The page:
HEAT VISION

'Knights and Bikes' Devs on Creating 'Goonies'-Inspired Positive Co-Op Experience

"There are so many games I've worked on that were focused on destructive competitiveness or destructive cooperation, but the idea of being together in a positive way was a reminder that it's a valid form of playing games together," says programmer Moo Yu.
'Knights and Bikes'   |   Foam Sword
"There are so many games I've worked on that were focused on destructive competitiveness or destructive cooperation, but the idea of being together in a positive way was a reminder that it's a valid form of playing games together," says programmer Moo Yu.

As the latest title from London-based game company Foam Sword, Knights and Bikes is a story and character-driven, hand-painted action-adventure created by programmer Moo Yu and artist Rex Crowle (LittleBigPlanet). The Kickstarter-funded game, which is inspired by films like The Goonies and games like Secret of Mana, involves female protagonists, cooperative puzzles and low-stakes combat mixed with story elements embedded into the mechanics.

"I think the only way we could do this was in a small studio, [since] there are so many parts of it that are very personal," Yu tells The Hollywood Reporter, noting that a larger team and larger budget, with more decision-making and more approvals, wouldn't have yielded the desired result: something personal that reinforced the idea that gameplay that isn't focused on "destructive competitiveness" or "destructive cooperation" can be valid and fulfilling. 

Ahead of the game's Aug. 27 launch on Playstation 4, THR caught up with Yu and Crowle to discuss their visual influences, experiences in gaming that led them to this moment — Yu describes "two eras of video games" in his life, while Crowle explains that video games really weren't part of his childhood — and the appeal of gameplay that isn't brutal and doesn't take 100 hours of commitment. 

You’ve said that Knights and Bikes is inspired by coming-of-age movies like The Goonies and also personal childhood experiences. What kind of feelings and themes did you want to capture and inject into the game?

Crowle: We both had slightly different focuses. I was probably more focused on the environment and the characters; so the story takes place on a fictitious island called Penfurzy, but it’s actually based on an area where I grew up in Cornwall at the very bottom of the U.K. It’s quite a stormy place — very beautiful — but it has a lot of history and it’s quite economically challenged. A lot of the traditional industries have gone away, things like tin mining and fishing have been replaced with tourism. I grew up on a farm there and actually sold my sheep to buy my first computer, that’s how I got into all this… [And] when you were talking just now about The Goonies, that’s a huge influence on us all, but I didn’t feel that I could particularly add something new to a similar there because I haven’t grown up in Oregon and don’t know what that’s like. It felt like I could probably surprise players more by actually basing the game in a part of the world they’re less familiar with. A lot of references to the locations are based on real places, and then the fact that in Cornwall we have a town and a castle called Tintagel, which is where — well, it depends who you listen to, but anyone in Cornwall will say — King Arthur is from. There were a lot of Arthurian legends in the air as a kid, so I was always getting on my bike and cycling around the farm trying to make my own lancing sticks and things like that. I didn’t really have computer games as a child, so that aspect wasn’t so much for me.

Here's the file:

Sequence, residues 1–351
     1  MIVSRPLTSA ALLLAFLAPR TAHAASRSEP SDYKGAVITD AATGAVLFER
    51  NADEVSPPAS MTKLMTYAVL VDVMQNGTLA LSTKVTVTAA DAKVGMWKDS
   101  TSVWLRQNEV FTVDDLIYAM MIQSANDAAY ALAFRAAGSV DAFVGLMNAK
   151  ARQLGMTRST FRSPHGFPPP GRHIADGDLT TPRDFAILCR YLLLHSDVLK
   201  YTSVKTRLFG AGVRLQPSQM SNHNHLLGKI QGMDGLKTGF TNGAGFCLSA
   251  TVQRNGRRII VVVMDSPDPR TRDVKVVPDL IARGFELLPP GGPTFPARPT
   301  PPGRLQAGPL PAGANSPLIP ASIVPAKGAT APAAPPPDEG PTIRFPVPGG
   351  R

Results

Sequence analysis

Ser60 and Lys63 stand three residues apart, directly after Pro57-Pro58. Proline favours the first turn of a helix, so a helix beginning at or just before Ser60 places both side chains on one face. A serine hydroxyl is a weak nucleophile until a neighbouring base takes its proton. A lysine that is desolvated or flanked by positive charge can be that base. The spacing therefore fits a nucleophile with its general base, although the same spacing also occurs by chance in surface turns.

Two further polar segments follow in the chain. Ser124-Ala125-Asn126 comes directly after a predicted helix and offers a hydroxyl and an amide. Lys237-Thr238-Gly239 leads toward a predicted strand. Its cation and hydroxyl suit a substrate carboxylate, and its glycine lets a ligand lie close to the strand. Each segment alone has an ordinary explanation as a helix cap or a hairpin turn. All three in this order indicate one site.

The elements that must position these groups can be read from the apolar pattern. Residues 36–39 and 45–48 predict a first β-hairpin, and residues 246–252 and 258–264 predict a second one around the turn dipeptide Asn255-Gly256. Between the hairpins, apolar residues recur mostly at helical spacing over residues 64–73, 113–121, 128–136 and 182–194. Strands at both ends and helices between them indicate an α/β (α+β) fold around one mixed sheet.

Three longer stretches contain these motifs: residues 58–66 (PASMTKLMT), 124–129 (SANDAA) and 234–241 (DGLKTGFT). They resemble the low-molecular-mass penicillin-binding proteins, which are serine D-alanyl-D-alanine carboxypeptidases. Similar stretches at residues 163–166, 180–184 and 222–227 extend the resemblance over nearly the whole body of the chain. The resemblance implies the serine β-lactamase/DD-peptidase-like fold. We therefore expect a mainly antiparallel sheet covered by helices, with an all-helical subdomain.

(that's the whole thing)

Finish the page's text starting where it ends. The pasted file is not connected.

Yu: Mechanically, I was really curious about how we could enforce certain themes. One of the biggest themes of the game is friendship, and it exists within the story about the two girls having friends. But also, I sort of had two eras of video games in my life: When I was very young, video games were very social. You would go over to people’s houses and play, and [often] there would be a big band of kids arguing over what game you would rent over the weekend. You’d sit together [playing] for three or four days, a mix of boys and girls, a mix of our parents jumping in, and I really love that. When I went to University, it was when a lot of these AAA single-player, 100-hour games started happening, and that’s what I was playing, but I felt myself getting more and more distant with people. I was making the choice: Do I want to play more video games or do I want to have more friends? So, I really wanted to make a game where we brought those things back together: It’s a story-based game that you can play on your own, but even if you did, you’d always have this thought on your mind of like, ‘I would really love to have somebody next to me to play it with.’

What games were significant to you growing up?

Yu: One of them was Tetris, because it was a game that I played most with my mom. It’s funny, because I do all kinds of tech support for my mom, but one of the things that happens is every time she gets a new computer, she asks me to get her another copy of Tetris. The other was Secret of Mana. It’s a very similar game [to Knights and Bikes] mechanically, an action-adventure with three kids who are trying to save the world, and the thing I loved about that is, unlike other multi-player games, it was very round-based, very repetitive, all the joy was made outside of the game with the people you were playing with. It was one of the few story games that I really enjoyed playing with other people and it was such a key part within my group of friends that we played it every year from when I was 13 until I moved out to the U.K. Every year we got together for eight to nine hours and played Secret of Mana and it really stuck with me as an experience you could share with people and remember and reminisce about. You could almost talk about the adventure like you were actually there together in the game. It was one of the big inspirations for why we wanted to add online co-op to the game — now that I live in the U.K., I’m still pretty close with those friends and I was thinking how sad it [would be] if I couldn’t play this game with them because of the geographical distance.

How did you develop the storybook-like art style?